Rent Shop Volunteer Join

Q. Who is Mr. Smarty Plants?

A: There are those who suspect Wildflower Center volunteers are the culpable and capable culprits. Yet, others think staff members play some, albeit small, role. You can torture us with your plant questions, but we will never reveal the Green Guru's secret identity.

Help us grow by giving to the Plant Database Fund or by becoming a member

Did you know you can access the Native Plant Information Network with your web-enabled smartphone?

Share

Ask Mr. Smarty Plants

Ask Mr. Smarty Plants is a free service provided by the staff and volunteers at the Lady Bird Johnson Wildflower Center.

Search Smarty Plants
See a list of all Smarty Plants questions

Please forgive us, but Mr. Smarty Plants has been overwhelmed by a flood of mail and must take a break for awhile to catch up. We hope to be accepting new questions again soon. Thank you!

Need help with plant identification, visit the plant identification page.

 
rate this answer
Not Yet Rated

Sunday - March 01, 2009

From: Norman, OK
Region: Southwest
Topic: Wildflowers
Title: Project involving wildflower seeds for Earth Day
Answered by: Barbara Medford

QUESTION:

Hello, I am trying to find a relatively quick and easy project involving wildflower seeds for an Earth Day Celebration. We have roughly 1,000 kids come through. In the past I have done wildflower seed balls, but would like to try something new this year. Several people said that their wildflower balls never grew wildflowers. Is there anything I can do to increase germination?

ANSWER:

For our own information, we checked and found that Earth Day this year is April 22, 2009. This website earthday.net has an excellent presentation on Earth Day 2009: The Green Generation which might give you some ideas or lead you to some projects for your group. We did some searching on the Internet for other quick projects for kids, but most of them require more intense adult volunteer supervision and more time to complete than you might have available.

Even though you would like to try something different, we still think the seedball is an ideal kid project-every kid loves to make mudballs. Our  How-To Article, How to Make Seed Balls, has been recently revised and might have some better information for you. In terms of the seeds from the mudballs never germinating, how do you know they didn't? As Fall rains (when we have them) come along, the mud ball begins to disintegrate and the seeds blend into the surrounding soil. Some wildflower seeds may lie in the ground dormant for years, waiting for the right conditions to germinate, and then pop up.  This is a very good point to make with the young people you work with-this is not instant gratification but a process involving time, patience, some water, some sunshine and a little luck. In particular, note the paragraph at the end about using only seeds native to the area in which the mudballs will be used. We are going to list a few wildflowers native to Oklahoma that you might consider for your project. These all propagate easily from seed and, since they are native, they will require less fertilizer, water and maintenance.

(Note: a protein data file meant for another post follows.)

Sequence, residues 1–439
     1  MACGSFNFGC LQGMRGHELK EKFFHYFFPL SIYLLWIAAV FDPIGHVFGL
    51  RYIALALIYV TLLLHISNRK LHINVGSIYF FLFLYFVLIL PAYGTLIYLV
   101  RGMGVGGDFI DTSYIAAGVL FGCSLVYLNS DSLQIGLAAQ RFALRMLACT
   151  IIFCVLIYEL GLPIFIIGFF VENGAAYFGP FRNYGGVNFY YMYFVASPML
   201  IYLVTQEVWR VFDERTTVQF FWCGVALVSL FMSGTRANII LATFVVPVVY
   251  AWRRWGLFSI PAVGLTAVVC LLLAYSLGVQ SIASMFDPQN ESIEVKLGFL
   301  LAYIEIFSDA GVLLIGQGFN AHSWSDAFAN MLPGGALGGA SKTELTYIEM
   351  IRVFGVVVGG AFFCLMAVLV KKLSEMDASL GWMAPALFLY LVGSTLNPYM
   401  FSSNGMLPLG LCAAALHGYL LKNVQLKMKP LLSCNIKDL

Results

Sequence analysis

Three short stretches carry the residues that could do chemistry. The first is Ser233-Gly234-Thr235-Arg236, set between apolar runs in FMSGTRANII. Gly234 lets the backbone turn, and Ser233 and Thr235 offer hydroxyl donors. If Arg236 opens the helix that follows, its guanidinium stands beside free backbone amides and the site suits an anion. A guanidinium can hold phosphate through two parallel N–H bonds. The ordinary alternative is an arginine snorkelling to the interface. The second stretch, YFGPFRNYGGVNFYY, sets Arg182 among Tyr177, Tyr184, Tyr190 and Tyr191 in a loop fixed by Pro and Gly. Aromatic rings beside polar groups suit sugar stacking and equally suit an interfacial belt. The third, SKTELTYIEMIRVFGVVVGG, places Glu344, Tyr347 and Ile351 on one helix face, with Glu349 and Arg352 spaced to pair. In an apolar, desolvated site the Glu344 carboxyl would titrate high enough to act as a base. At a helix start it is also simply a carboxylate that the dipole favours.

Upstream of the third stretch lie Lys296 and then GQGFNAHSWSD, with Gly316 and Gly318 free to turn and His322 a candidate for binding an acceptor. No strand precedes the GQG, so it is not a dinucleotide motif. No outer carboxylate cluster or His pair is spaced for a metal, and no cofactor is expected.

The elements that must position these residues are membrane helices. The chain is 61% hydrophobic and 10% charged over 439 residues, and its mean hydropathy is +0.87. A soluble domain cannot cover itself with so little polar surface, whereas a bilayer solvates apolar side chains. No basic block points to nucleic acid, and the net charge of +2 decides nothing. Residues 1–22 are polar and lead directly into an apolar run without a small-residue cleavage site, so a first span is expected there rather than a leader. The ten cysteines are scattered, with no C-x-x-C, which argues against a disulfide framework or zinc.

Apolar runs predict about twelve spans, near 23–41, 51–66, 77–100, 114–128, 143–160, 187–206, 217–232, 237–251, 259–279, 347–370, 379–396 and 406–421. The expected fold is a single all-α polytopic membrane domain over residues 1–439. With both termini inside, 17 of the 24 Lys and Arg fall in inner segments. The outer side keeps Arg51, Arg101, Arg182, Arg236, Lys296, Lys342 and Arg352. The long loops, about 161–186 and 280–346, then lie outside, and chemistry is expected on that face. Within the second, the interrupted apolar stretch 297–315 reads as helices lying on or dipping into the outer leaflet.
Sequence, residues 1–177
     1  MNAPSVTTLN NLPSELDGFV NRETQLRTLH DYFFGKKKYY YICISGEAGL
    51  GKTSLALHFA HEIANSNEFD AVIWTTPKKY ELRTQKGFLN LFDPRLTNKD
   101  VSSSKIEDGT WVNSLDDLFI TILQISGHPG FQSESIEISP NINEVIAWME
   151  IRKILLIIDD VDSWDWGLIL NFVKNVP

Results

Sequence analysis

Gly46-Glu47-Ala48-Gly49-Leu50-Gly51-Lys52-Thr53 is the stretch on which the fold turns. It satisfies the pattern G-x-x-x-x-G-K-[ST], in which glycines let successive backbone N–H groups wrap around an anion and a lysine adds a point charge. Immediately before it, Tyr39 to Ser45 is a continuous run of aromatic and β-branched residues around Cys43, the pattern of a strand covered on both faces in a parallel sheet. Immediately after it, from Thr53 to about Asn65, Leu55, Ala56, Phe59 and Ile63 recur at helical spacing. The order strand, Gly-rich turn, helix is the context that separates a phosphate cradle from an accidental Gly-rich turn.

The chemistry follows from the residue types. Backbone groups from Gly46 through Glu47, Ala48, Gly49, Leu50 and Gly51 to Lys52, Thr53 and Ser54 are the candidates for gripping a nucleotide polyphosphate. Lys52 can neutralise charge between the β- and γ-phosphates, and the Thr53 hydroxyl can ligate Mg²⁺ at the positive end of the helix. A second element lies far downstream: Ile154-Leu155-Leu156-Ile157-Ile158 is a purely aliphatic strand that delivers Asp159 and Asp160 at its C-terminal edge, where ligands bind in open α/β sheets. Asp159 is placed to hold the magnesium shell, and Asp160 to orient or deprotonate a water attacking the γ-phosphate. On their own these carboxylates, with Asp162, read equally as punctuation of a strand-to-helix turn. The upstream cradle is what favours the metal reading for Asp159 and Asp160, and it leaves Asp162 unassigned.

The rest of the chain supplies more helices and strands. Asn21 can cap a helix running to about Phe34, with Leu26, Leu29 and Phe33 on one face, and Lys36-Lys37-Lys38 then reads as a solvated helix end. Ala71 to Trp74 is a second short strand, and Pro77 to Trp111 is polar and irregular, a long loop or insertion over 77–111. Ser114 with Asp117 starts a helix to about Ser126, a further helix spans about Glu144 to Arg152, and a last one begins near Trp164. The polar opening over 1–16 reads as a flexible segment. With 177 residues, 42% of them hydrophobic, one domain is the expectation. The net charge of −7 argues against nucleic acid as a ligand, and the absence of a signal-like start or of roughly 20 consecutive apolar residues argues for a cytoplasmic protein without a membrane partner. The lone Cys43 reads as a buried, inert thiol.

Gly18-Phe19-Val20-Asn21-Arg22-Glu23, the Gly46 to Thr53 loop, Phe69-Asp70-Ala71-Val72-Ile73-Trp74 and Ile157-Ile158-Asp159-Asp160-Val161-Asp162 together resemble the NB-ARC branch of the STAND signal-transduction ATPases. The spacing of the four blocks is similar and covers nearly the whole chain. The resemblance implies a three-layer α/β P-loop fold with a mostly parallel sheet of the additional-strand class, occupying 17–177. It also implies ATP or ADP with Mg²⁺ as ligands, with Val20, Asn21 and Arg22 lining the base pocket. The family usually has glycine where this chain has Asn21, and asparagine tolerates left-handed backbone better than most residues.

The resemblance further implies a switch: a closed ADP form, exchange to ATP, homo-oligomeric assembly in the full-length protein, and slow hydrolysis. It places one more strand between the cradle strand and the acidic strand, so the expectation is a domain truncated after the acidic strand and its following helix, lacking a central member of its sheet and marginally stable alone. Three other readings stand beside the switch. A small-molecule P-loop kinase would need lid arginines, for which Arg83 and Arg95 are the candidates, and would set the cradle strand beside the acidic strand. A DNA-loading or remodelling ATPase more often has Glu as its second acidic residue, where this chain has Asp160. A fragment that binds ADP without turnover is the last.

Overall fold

Callirhoe alcaeoides (light poppymallow)

Castilleja indivisa (entireleaf Indian paintbrush)

Callirhoe involucrata (purple poppymallow)

Coreopsis grandiflora (largeflower tickseed)

Coreopsis tinctoria (golden tickseed)

Dracopis amplexicaulis (clasping coneflower)

Gaillardia pulchella (firewheel)

Helianthus maximiliani (Maximilian sunflower)

Oenothera macrocarpa ssp. macrocarpa (bigfruit evening-primrose)

Oenothera speciosa (pinkladies)

Ratibida columnifera (upright prairie coneflower)

Viola pedata (birdfoot violet)


Callirhoe alcaeoides

Castilleja indivisa

Callirhoe involucrata

Coreopsis grandiflora

Coreopsis tinctoria

Dracopis amplexicaulis

Gaillardia pulchella

Helianthus maximiliani

Oenothera macrocarpa ssp. macrocarpa

Ratibida columnifera

Viola pedata


 

 

 

 

 

 

More Wildflowers Questions

Yellow and purple wildflowers for a wedding in Burgettstown PA
August 10, 2010 - I'm not sure exactly what I am looking for and I'm sorry if its too much to ask but....I want to have a fun relaxed wedding next June or July time. I can't find wildflowers that would bloom during...
view the full question and answer

Overseeding native wildflower seeds as opposed to herbicides
August 10, 2006 - Greetings from Alabama, We would like to "roundup" approx 2 A and plant some wildflower (s) that would TAKE OVER. We have 20 A and over half is in mixed woods. Pine, oak, sweetgum, and ???. Do y...
view the full question and answer

Wildflowers for wedding mid-spring in Austin, TX
November 10, 2006 - My fiancÚ and I are both native Texans, and we are looking to have a beautiful yet simple wedding on March 31, 2007. We would love to use TX wildflowers. Our colors are white, orange, and blue. Wo...
view the full question and answer

Native plant bibliography
March 20, 2004 - What book do you recommend for identifying the native plants and wildflowers of my region?
view the full question and answer

Resources for a green roof project from Wayne PA
April 14, 2013 - Hello! I am researching a project to create a native wildflower/ turf mix for a green roof. I would ideally like to grow it as a sod mat, and then install it in rolls. I am currently working as an i...
view the full question and answer

Support the Wildflower Center by Donating Online or Becoming a Member today.